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Thanks. Btw, how safe is it to start the engine with the tappet cover opened? Will it spray or splash the oil all over the place? The exhaust manifold cover is just beside it. If its ok, it would be a great way to see if proper lubrication is taking place.[/Quote:fa5073c9b1]

No nothing is gonna jump out there to hit you-just get plenty of rags beside it. Its nothing compared to a push rod engine. Give it try.

My guess they overtighten the valves and worn out the lifters and camshaft before the oil got to it. There's such thing as cold and hot valves adjustment-by using a feeler gauge.

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Thursday, February 1st, 2007 AT 3:39 PM
Tiny
MK70CHALLENGER
  • MEMBER

Guys! Sorry I didn't see this back when it was posted. Everyone missed it! This post is for those of you that are reading this for info as I'm sure Tercel has probably sold his car by now. Toyota used the "shims in a bucket" method to adjust the valve lash (.008 intake, .010 exhaust) on several engines. They also used one timing belt to drive two camshafts, which means there has to be a set of gears driving the cam not hooked to the timing belt. To keep the gears running quietly, they used "Preload" on the gears. If you look carefully at the gear without the belt pulley, you will see that it looks like there is a split in the middle of the gear, which there really is. If you are changing the valve stem seals, you have to remove the cams and if you don't reload the tension on the gears, they rattle and sound just like noisy lifters. To reload the tension, the undriven cam has to be removed and the split gears have to turned against an internal spring so that an alignment hole in the gear shows straight through. Place a rod or small bolt in the hole and reinstall the cam, obviously making sure you have the timing marks lined up. Remove the bolt in the gear, the internal spring tension will apply the needed pressure to keep the gears running quietly and it will sound new again.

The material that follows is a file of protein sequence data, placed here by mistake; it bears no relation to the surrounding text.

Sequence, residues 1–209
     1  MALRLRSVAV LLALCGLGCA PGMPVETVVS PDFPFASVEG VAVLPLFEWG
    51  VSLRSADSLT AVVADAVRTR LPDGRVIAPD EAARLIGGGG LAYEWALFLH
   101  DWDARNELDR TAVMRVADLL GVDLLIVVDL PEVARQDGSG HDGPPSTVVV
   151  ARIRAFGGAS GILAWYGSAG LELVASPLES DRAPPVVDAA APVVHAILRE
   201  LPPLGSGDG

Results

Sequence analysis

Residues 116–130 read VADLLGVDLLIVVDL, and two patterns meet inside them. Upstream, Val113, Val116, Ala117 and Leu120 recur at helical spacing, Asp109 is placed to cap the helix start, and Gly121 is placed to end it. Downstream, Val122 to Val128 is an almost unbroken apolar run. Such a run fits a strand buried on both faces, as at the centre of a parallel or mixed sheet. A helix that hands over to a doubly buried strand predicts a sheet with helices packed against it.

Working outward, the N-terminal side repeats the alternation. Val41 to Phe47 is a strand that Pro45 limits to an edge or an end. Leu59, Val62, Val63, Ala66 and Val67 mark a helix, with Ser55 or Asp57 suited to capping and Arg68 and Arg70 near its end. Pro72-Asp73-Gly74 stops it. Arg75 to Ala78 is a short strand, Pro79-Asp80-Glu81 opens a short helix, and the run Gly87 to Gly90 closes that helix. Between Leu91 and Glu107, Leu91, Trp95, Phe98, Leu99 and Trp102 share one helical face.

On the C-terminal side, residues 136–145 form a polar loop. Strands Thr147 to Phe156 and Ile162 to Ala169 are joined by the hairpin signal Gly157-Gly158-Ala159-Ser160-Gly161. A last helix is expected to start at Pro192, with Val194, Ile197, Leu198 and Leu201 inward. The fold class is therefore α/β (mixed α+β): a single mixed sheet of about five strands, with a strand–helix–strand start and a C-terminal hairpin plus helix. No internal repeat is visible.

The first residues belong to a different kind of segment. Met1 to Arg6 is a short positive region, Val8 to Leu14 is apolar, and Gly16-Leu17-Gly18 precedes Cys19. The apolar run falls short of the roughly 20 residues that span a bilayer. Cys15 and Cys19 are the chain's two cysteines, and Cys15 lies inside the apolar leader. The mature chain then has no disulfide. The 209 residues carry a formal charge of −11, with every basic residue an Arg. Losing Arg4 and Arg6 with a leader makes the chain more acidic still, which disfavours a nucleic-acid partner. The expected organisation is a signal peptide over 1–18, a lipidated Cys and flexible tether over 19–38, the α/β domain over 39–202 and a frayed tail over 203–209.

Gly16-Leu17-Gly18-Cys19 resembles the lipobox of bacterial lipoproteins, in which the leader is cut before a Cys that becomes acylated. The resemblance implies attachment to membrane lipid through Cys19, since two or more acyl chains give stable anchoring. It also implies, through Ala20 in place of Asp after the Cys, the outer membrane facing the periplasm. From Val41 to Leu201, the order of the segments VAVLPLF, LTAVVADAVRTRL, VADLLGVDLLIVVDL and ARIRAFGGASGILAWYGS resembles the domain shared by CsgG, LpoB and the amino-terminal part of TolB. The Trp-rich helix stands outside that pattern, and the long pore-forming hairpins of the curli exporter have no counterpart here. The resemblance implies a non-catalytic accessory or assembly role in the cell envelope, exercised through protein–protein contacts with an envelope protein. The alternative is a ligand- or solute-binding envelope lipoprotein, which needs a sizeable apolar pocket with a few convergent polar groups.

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Sunday, April 9th, 2017 AT 9:36 AM
Tiny
2CARPROS KEN
  • ADMIN
  • 10,960 POSTS

Hey,

Great addition to this thread! Please feel free to help out on the site whenever it can add information that will help.

Best, Ken

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Tuesday, April 11th, 2017 AT 10:23 AM